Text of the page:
By Hana Namrouqa – Apr 02,2017
In less than two weeks, authorities have confiscated 17 lanner and peregrine falcons which were in the possession of non-Jordanians, according to the Royal Society for the Conservation of Nature (Photo courtesy of the RSCN)
AMMAN — As falconry training thrives during spring, authorities are intensifying inspections in desert areas to prevent the illegal activity, a conservationist said on Sunday.
Falconry is illegal in Jordan as it threatens wild animals and birds, the conservationist said, indicating that training falcons also jeopardises programmes to reintroduce endangered desert birds such as the hubara bustard.
“In less than two weeks, we have confiscated 17 lanner and peregrine falcons which were in the possession of non-Jordanians,” said Abdul Razzaq Hmoud, head of the conservation and hunting regulation section at the Royal Society for the Conservation of Nature (RSCN).
Some of the falcons were caught by inspectors from the Jordan Customs Department as their owners were either travelling with the birds or trying to smuggle them, according to Hmoud, who noted that the RSCN’s inspectors and the Public Security Department also confiscated some of the falcons during patrols
“Falconry training thrives during spring and autumn in three areas; the eastern desert, Wadi Araba and to the east and south of the [Queen Alia International] airport,” Hmoud told The Jordan Times.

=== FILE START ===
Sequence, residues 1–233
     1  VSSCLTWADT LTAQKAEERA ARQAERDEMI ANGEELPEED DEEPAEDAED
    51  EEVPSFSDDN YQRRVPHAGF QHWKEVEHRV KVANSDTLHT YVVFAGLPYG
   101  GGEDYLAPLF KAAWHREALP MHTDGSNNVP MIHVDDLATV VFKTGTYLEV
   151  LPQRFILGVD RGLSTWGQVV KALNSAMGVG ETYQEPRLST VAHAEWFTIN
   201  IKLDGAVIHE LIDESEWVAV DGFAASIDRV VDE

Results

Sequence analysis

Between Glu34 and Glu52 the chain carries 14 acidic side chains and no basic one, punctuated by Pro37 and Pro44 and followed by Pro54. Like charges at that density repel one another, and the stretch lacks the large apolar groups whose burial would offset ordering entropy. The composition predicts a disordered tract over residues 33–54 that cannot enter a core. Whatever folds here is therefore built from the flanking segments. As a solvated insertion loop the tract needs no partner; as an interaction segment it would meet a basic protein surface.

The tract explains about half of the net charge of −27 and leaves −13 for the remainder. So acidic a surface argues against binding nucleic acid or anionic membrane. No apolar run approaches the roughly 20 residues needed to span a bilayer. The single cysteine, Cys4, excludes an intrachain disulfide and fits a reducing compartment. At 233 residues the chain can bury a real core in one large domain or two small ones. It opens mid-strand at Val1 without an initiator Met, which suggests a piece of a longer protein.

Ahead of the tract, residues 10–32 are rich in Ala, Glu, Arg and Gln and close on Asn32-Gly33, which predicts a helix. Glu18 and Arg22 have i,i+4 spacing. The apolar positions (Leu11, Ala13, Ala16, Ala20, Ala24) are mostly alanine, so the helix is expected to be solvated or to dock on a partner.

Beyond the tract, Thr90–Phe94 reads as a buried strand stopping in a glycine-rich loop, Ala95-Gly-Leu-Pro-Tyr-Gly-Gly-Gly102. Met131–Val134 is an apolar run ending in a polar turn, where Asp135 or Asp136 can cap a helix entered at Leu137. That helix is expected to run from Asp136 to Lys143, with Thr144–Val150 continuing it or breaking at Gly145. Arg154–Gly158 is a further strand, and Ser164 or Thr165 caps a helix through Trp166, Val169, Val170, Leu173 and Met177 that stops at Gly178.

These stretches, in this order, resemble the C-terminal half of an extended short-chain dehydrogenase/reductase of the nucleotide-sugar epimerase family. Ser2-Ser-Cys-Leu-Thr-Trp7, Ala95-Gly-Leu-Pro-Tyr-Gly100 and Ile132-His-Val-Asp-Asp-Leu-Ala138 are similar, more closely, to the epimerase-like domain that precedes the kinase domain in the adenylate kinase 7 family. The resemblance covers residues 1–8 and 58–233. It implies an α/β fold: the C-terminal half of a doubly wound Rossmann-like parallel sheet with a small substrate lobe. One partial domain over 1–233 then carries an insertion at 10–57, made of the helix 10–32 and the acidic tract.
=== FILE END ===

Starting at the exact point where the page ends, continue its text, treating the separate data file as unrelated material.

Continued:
Falcons are not allowed into the country as their owners use them to target desert birds and rabbits, among other wildlife species, and falcons are listed under the Convention on International Trade in Endangered Species of Wild Fauna and Flora (CITES).
CITES aims to ensure that international trade in wild animals and plants does not threaten their survival, according to its website, which indicated that around 5,000 species of animals and 28,000 types of plants are protected from over-exploitation through international trade.
The RSCN announced a decision in 2015 banning Gulf citizens entering Jordan from bringing in their falcons, in a step to prevent hunting of endangered species.
The RSCN, Jordan’s wildlife conservation and nature protection NGO, took the decision in agreement with the Ministry of Agriculture and it was circulated by the Ministry of Interior to local agencies and the embassies of Gulf states in the country to inform their citizens.
“We are still receiving requests from people from different countries wishing to bring in their falcons, but we refuse,” Hmoud noted.